NYSUT is committed to bringing more workers into the union fold. And thanks to the hard work of its network of union organizers, it’s chalking up big wins across the state.
“Organizing is a simple goal, but a difficult task and it’s one of NYSUT’s primary goals going forward,” said Melinda Person, NYSUT president. According to a 2022 Gallup Poll, 71 percent of Americans approve of unions and 40 percent of them deem unions “extremely important,” the highest level since 1965.
“This is an exciting time for labor, and we believe that all workers need unions — everyone deserves NYSUT support.”
Emma S. Clark United
A group of more than 80 library professionals won voluntary recognition at the Emma S. Clark Memorial Library in East Setauket in Suffolk County after a whirlwind organizing campaign. In mid-September NYSUT organizers visited the library to gauge staff interest in forming a union. By early November, a super majority of staff had signed union cards and the library’s board of directors voted 7-to-2 to voluntarily recognize the new unit. NYSUT organizers Amy Solar-Greco and Joan Crinnion worked with Colin Kasprowicz, the library’s head of technical services, and a core group of library staff to organize the unit.
Albany Leadership Charter School Union
By a 2-to-1 margin, more than 50 staffers at the Albany Leadership Charter School voted “union yes!” this November, becoming one of NYSUT’s newest locals. Plagued with high staff turnover, and administrative inconsistencies, the drive prevailed despite management initially ignoring their request for recognition. As the Albany Leadership Charter School Union, they now have a voice to negotiate fair wages, affordable health benefits and clear workplace policies. NYSUT organizer Ada Martinez led the drive.
Horseheads Association of Professional Support Staff
NYSUT helped a group of nearly 40 school social workers, social work assistants, occupational therapists and physical therapists in the Horseheads School District organize in August after a nearly year-long struggle. For decades the members were part of the Horseheads Support Staff Association, a catchall group of 10-, 11- and 12-month employees that encompassed 21 different job titles and negotiated contracts but wasn’t a real union. It didn’t hold officer elections or union meetings and the school superintendent appointed its president. After initial resistance, the Horseheads School board voted unanimously in August to recognize the Horseheads Association of Professional Support Staff as its newest bargaining unit. Physical therapist Alisha Tenbus spearheaded the organizing effort with the help of NYSUT Organizer Liz Smith-Rossiter and Southern Tier Regional Staff Director Tim O’Brien.
Commack Security Guards Association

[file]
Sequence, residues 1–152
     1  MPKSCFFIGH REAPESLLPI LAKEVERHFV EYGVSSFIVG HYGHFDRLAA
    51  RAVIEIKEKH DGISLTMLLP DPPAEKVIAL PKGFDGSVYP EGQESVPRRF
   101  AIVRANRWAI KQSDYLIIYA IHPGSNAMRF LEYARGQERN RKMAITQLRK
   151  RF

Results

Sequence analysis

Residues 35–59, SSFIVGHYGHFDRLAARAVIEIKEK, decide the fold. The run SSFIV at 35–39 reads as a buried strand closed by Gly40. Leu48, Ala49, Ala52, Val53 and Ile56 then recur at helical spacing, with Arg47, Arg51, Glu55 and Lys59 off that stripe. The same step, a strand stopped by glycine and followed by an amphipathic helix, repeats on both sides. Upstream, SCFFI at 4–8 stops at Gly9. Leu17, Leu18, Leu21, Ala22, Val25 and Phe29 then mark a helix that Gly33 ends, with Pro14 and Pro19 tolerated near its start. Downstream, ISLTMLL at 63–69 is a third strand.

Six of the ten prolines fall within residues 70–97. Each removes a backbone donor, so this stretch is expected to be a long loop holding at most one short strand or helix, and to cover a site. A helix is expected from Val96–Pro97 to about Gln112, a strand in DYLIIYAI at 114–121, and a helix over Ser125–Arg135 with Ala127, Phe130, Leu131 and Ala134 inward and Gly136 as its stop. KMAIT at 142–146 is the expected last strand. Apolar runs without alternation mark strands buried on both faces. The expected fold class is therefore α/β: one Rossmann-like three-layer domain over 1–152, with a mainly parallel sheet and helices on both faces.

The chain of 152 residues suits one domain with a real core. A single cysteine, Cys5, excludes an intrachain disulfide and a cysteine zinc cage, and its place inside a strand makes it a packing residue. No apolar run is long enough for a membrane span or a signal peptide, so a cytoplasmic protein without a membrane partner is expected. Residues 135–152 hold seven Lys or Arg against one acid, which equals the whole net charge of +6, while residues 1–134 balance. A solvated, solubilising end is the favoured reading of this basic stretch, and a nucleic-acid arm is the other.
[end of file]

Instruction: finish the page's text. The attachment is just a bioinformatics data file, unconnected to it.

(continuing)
The 65-member Commack Security Guards Association voted to affiliate with NYSUT in early spring. The movement came about after two Commack School District security guards were let go for what colleagues considered a minor mistake after years of unblemished performance. The group got 100 percent compliance for interest forms and union membership forms and the school board accepted the local’s affiliation without challenge. NYSUT organizer Alexandra Castillo-Kesper worked with security guards Joe Hendrickson and Tom McFadzen to organize the local.
City Executive Association
When a 20-member group of Ithaca municipal employees felt they were being outmaneuvered at the bargaining table, they reached out to NYSUT for help voting unanimously in March to affiliate. The City Executive Association hopes to secure wage increases and safeguard existing benefits after years with no raises, and many positions remaining unfilled due to low starting wages. City forester Jeanne Grace and city fleet manager Jeremy Miller worked with NYSUT organizer Liz Smith-Rossiter on the organizing effort.
Robert C. Parker School Professional Association
After initially encountering administrative pushback, the 21-member Robert C. Parker School Professional Association received widespread parental support and, in its first contract, negotiated a 5 percent pay raise and saw student enrollment rise. All that amidst a pandemic that precluded members from being in the same room together. Lead organizer Darcy Demaria thanked organizer Jim MacFawn and RCPSPA Vice President Jennifer Baker for their support during the uncertain days of 2021. The statewide union celebrated the local’s achievement at the 2023 Representative Assembly.
Whether they work for a public or a private entity, when professionals get the respect, support and compensation they deserve in the workplace, it’s a win for everyone because “unionized employees speak with a unified voice to advocate for higher pay, better health and retirement benefits, fairer workplace treatment and increased job security,” said Mike Deely, NYSUT director of membership growth and organizing. “If you know someone who’s interested in forming a union, contact NYSUT Organizing for information.”